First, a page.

Robust and Resource-efficient Machine Learning Aided Viewport Prediction in Virtual Reality

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PubDate: Dec 2022

Teams: Yale University;U.S. Naval Research Laboratory

Writers: Yuang Jiang, Konstantinos Poularakis, Diego Kiedanski, Sastry Kompella, Leandros Tassiulas

PDF: Robust and Resource-efficient Machine Learning Aided Viewport Prediction in Virtual Reality

Abstract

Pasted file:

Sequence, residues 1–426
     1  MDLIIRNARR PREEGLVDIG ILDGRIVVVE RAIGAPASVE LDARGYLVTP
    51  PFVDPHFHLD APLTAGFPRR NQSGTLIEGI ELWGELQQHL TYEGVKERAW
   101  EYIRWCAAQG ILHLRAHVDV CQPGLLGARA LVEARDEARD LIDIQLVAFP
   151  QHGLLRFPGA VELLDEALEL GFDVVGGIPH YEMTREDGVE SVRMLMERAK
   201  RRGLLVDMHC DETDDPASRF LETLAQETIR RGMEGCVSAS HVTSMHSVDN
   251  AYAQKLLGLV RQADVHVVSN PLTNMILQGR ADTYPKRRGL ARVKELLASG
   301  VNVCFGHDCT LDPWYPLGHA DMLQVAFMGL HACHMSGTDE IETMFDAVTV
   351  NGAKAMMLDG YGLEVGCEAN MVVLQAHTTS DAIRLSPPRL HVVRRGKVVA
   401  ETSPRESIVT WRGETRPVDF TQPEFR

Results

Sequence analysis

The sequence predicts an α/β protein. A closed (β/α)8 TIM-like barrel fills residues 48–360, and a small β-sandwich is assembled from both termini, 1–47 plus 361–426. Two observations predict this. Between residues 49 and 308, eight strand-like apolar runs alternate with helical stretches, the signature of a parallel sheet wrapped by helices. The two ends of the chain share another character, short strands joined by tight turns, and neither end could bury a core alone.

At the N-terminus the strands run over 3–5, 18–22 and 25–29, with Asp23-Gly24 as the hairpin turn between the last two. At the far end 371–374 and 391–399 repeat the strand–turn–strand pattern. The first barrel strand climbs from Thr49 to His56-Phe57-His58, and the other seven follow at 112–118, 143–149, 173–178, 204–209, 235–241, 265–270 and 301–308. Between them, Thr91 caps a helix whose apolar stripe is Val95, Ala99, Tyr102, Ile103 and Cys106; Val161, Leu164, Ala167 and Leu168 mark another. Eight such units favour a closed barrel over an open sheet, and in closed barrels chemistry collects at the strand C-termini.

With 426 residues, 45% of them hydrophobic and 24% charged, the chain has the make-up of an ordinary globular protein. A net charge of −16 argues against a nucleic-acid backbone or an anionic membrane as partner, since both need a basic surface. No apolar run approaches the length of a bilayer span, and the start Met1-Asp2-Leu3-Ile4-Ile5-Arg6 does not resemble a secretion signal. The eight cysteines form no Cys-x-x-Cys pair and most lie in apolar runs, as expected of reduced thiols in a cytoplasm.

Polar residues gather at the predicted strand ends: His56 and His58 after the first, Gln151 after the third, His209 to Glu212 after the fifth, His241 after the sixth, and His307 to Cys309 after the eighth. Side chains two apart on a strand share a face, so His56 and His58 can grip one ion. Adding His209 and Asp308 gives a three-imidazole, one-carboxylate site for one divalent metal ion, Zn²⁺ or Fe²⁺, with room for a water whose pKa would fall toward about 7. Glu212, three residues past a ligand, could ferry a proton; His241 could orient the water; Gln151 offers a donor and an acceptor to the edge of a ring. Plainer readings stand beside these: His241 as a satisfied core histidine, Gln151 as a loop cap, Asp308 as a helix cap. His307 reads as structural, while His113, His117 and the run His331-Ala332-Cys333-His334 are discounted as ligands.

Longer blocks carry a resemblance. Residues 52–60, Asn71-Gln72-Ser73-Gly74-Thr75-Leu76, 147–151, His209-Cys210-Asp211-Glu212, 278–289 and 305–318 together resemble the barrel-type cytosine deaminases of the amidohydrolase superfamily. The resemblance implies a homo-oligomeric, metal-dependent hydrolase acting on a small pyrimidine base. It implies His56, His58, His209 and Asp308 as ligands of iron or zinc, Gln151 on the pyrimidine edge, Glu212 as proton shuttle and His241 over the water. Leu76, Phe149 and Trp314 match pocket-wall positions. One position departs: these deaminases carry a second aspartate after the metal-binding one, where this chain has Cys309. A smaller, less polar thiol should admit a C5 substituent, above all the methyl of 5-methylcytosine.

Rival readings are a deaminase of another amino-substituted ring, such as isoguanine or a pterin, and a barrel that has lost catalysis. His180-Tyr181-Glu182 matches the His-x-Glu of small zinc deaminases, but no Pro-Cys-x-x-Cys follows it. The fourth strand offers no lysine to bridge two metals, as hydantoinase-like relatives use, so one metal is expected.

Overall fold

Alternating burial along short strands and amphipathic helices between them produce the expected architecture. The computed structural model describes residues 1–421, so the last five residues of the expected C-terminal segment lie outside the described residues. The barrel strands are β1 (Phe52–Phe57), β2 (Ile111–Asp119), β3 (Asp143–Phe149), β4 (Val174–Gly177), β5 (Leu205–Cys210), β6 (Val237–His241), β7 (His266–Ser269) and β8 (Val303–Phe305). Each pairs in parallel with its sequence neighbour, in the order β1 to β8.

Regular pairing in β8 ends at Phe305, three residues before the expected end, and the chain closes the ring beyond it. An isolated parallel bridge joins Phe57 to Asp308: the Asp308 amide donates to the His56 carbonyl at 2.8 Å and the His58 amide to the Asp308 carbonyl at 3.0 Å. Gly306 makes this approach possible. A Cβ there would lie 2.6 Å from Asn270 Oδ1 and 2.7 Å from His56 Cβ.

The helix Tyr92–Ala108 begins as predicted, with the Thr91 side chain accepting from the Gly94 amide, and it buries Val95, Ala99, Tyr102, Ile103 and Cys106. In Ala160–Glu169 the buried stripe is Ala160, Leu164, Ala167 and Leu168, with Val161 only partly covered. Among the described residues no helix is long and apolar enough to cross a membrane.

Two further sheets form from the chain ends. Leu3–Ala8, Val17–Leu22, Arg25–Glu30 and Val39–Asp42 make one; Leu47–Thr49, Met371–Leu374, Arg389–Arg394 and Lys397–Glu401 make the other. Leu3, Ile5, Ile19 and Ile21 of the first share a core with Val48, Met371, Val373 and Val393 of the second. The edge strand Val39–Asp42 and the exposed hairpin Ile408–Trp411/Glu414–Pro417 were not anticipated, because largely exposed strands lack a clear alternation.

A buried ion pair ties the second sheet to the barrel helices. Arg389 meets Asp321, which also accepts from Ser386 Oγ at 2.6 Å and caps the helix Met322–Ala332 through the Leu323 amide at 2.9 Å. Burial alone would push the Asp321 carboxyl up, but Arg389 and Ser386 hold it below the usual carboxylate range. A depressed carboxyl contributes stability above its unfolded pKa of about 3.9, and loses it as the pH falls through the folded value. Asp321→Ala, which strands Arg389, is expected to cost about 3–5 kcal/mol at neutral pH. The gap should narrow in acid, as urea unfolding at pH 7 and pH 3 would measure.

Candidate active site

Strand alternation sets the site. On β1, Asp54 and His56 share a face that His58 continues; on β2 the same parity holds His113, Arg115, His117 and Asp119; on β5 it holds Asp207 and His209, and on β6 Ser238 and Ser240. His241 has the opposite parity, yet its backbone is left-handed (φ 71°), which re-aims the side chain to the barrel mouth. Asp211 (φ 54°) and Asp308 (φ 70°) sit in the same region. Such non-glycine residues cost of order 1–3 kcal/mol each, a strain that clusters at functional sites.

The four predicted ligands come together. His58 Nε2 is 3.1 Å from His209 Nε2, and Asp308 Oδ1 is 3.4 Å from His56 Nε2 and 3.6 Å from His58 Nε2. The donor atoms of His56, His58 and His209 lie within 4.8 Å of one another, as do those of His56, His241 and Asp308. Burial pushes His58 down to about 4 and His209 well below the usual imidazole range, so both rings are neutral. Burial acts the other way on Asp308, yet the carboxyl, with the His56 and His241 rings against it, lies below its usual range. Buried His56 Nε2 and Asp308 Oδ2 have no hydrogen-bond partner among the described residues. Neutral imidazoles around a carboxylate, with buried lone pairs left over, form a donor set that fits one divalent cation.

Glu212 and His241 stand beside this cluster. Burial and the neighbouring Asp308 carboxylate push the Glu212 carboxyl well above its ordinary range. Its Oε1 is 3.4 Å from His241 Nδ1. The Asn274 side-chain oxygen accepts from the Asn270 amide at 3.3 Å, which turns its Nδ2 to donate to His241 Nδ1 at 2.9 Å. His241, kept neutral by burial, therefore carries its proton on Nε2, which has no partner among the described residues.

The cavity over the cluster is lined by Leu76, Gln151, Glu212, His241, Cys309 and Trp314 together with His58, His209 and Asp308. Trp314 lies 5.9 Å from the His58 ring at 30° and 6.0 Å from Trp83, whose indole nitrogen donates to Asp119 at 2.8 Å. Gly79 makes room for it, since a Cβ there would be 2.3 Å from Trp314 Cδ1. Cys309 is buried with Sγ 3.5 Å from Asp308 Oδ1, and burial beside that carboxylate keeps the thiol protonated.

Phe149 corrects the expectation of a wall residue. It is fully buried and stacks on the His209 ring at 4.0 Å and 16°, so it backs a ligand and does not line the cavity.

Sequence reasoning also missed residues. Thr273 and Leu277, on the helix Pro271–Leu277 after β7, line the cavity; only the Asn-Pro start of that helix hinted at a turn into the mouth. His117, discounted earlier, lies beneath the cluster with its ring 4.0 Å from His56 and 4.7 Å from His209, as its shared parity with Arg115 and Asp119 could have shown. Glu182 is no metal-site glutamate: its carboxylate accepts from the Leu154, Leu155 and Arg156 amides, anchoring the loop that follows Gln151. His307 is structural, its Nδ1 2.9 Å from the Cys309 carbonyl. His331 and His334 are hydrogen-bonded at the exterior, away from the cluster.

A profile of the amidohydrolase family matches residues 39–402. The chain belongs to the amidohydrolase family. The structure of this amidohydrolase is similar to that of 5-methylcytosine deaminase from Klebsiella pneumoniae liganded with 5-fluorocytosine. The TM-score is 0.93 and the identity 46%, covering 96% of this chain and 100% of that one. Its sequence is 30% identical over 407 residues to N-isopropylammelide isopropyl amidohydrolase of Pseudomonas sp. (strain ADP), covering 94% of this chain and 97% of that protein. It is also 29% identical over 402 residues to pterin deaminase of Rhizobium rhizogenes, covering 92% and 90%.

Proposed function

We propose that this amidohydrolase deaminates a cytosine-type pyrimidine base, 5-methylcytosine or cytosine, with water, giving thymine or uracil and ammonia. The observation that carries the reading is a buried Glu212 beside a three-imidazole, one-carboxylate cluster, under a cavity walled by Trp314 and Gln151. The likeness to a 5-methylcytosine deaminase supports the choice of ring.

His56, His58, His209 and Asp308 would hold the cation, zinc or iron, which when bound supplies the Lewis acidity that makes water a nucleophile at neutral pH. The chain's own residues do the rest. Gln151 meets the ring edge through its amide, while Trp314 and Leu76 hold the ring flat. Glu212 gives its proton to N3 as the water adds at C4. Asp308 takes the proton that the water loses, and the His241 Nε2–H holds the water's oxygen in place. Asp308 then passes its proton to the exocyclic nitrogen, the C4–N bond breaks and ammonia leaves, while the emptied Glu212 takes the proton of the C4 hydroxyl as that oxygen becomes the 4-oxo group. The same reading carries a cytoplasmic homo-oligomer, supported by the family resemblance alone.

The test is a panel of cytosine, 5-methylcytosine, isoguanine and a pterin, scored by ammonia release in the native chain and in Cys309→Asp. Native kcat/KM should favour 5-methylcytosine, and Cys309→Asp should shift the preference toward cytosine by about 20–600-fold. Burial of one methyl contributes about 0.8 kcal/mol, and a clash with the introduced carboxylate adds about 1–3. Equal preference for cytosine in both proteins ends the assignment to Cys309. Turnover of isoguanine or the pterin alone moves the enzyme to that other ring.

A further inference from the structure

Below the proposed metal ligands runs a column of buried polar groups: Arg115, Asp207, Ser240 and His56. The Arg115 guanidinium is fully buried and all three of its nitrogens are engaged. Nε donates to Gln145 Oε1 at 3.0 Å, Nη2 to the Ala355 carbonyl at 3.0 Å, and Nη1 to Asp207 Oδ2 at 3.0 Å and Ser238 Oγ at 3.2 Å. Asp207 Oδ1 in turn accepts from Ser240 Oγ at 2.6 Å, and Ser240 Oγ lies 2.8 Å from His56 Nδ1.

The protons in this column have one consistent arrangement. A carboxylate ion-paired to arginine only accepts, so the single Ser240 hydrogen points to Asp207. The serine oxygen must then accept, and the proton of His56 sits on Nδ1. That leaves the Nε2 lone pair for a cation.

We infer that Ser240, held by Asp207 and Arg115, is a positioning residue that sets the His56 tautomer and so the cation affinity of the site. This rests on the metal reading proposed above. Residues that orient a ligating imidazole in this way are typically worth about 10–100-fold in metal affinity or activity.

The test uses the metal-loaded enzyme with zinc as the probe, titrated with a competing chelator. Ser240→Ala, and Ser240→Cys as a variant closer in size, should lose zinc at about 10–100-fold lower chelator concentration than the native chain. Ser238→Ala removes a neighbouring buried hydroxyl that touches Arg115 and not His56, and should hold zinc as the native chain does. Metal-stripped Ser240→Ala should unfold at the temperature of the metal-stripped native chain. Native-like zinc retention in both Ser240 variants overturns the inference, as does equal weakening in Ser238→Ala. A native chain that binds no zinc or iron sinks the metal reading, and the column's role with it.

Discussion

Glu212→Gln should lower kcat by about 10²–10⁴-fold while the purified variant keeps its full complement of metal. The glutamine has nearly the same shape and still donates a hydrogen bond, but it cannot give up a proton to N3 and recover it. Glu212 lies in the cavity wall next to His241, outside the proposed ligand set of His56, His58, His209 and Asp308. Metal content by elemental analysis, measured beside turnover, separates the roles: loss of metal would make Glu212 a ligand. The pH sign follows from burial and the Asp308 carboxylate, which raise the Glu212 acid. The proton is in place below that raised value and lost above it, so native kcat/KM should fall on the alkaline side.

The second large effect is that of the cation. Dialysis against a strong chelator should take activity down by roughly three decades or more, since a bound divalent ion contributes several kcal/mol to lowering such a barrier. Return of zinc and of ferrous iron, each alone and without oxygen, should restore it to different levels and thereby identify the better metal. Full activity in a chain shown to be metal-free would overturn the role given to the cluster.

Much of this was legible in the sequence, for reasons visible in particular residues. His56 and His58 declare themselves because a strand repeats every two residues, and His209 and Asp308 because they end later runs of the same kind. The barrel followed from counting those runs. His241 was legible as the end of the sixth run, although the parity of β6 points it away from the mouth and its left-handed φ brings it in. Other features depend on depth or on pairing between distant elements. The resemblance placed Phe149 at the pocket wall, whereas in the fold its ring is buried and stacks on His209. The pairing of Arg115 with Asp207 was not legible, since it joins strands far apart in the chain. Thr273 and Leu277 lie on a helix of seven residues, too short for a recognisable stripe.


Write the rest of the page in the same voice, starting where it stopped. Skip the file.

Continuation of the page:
360-degree panoramic videos have gained considerable attention in recent years due to the rapid development of head-mounted displays (HMDs) and panoramic cameras. One major problem in streaming panoramic videos is that panoramic videos are much larger in size compared to traditional ones. Moreover, the user devices are often in a wireless environment, with limited battery, computation power, and bandwidth. To reduce resource consumption, researchers have proposed ways to predict the users’ viewports so that only part of the entire video needs to be transmitted from the server. However, the robustness of such prediction approaches has been overlooked in the literature: it is usually assumed that only a few models, pre-trained on past users’ experiences, are applied for prediction to all users. We observe that those pre-trained models can perform poorly for some users because they might have drastically different behaviors from the majority, and the pre-trained models cannot capture the features in unseen videos. In this work, we propose a novel meta learning based viewport prediction paradigm to alleviate the worst prediction performance and ensure the robustness of viewport prediction. This paradigm uses two machine learning models, where the first model predicts the viewing direction, and the second model predicts the minimum video prefetch size that can include the actual viewport. We first train two meta models so that they are sensitive to new training data, and then quickly adapt them to users while they are watching the videos. Evaluation results reveal that the meta models can adapt quickly to each user, and can significantly increase the prediction accuracy, especially for the worst-performing predictions.

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